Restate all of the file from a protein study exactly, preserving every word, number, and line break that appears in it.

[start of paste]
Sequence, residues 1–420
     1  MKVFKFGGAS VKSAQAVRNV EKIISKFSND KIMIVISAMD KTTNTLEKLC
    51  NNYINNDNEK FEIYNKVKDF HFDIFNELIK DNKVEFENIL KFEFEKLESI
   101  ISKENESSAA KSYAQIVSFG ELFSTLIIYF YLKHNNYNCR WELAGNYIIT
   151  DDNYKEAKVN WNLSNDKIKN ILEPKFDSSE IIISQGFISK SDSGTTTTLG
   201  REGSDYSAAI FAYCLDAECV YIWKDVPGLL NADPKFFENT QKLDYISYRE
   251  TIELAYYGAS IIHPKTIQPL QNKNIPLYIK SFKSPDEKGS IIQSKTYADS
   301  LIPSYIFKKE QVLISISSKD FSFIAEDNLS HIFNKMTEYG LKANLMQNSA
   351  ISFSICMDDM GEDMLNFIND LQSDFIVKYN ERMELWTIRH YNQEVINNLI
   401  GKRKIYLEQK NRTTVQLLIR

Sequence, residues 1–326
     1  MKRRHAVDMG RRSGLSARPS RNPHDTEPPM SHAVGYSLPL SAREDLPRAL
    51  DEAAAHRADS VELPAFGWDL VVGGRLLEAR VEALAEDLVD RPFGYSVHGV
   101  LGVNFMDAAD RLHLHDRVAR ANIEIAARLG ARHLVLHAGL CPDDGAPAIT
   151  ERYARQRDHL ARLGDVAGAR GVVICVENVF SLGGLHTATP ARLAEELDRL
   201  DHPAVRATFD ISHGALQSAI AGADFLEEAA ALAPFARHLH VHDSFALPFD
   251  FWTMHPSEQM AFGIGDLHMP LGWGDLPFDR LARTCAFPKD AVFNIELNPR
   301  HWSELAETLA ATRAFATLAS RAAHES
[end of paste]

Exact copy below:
Sequence, residues 1–420
     1  MKVFKFGGAS VKSAQAVRNV EKIISKFSND KIMIVISAMD KTTNTLEKLC
    51  NNYINNDNEK FEIYNKVKDF HFDIFNELIK DNKVEFENIL KFEFEKLESI
   101  ISKENESSAA KSYAQIVSFG ELFSTLIIYF YLKHNNYNCR WELAGNYIIT
   151  DDNYKEAKVN WNLSNDKIKN ILEPKFDSSE IIISQGFISK SDSGTTTTLG
   201  REGSDYSAAI FAYCLDAECV YIWKDVPGLL NADPKFFENT QKLDYISYRE
   251  TIELAYYGAS IIHPKTIQPL QNKNIPLYIK SFKSPDEKGS IIQSKTYADS
   301  LIPSYIFKKE QVLISISSKD FSFIAEDNLS HIFNKMTEYG LKANLMQNSA
   351  ISFSICMDDM GEDMLNFIND LQSDFIVKYN ERMELWTIRH YNQEVINNLI
   401  GKRKIYLEQK NRTTVQLLIR

Sequence, residues 1–326
     1  MKRRHAVDMG RRSGLSARPS RNPHDTEPPM SHAVGYSLPL SAREDLPRAL
    51  DEAAAHRADS VELPAFGWDL VVGGRLLEAR VEALAEDLVD RPFGYSVHGV
   101  LGVNFMDAAD RLHLHDRVAR ANIEIAARLG ARHLVLHAGL CPDDGAPAIT
   151  ERYARQRDHL ARLGDVAGAR GVVICVENVF SLGGLHTATP ARLAEELDRL
   201  DHPAVRATFD ISHGALQSAI AGADFLEEAA ALAPFARHLH VHDSFALPFD
   251  FWTMHPSEQM AFGIGDLHMP LGWGDLPFDR LARTCAFPKD AVFNIELNPR
   301  HWSELAETLA ATRAFATLAS RAAHES